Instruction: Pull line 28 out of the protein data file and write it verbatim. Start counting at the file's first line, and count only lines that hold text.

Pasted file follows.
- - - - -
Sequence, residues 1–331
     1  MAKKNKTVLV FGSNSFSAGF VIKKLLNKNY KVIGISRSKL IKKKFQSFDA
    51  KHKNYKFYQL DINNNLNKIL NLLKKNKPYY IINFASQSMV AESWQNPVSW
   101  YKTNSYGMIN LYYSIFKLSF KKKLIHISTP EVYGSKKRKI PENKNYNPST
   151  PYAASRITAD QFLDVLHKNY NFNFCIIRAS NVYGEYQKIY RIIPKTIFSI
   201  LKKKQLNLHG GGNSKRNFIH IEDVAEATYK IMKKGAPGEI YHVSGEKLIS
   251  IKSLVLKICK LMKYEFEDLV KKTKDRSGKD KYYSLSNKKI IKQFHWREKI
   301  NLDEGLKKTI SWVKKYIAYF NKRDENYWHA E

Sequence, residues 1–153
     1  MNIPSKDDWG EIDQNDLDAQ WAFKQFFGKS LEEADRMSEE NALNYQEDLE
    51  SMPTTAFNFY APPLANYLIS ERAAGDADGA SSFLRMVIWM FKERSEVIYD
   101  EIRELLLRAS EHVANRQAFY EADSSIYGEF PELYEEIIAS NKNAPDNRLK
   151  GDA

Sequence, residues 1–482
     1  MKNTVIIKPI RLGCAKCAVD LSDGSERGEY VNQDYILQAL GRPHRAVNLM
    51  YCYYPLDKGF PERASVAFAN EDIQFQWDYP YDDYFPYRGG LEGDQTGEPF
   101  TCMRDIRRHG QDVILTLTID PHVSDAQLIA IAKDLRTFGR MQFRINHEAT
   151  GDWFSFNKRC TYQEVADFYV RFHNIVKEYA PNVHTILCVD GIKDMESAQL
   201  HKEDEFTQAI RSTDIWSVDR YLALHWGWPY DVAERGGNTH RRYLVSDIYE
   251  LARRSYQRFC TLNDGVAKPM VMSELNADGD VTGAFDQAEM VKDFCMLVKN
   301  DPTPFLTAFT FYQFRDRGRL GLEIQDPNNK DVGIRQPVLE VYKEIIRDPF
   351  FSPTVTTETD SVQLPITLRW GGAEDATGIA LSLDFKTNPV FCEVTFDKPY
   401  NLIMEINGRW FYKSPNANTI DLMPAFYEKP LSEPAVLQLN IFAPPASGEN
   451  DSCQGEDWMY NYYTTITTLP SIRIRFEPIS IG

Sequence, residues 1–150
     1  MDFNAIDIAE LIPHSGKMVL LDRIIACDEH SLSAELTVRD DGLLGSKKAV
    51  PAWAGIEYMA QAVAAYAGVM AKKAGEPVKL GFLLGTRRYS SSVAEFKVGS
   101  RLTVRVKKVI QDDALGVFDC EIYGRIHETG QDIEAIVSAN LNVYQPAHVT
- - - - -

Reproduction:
   101  RLTVRVKKVI QDDALGVFDC EIYGRIHETG QDIEAIVSAN LNVYQPAHVT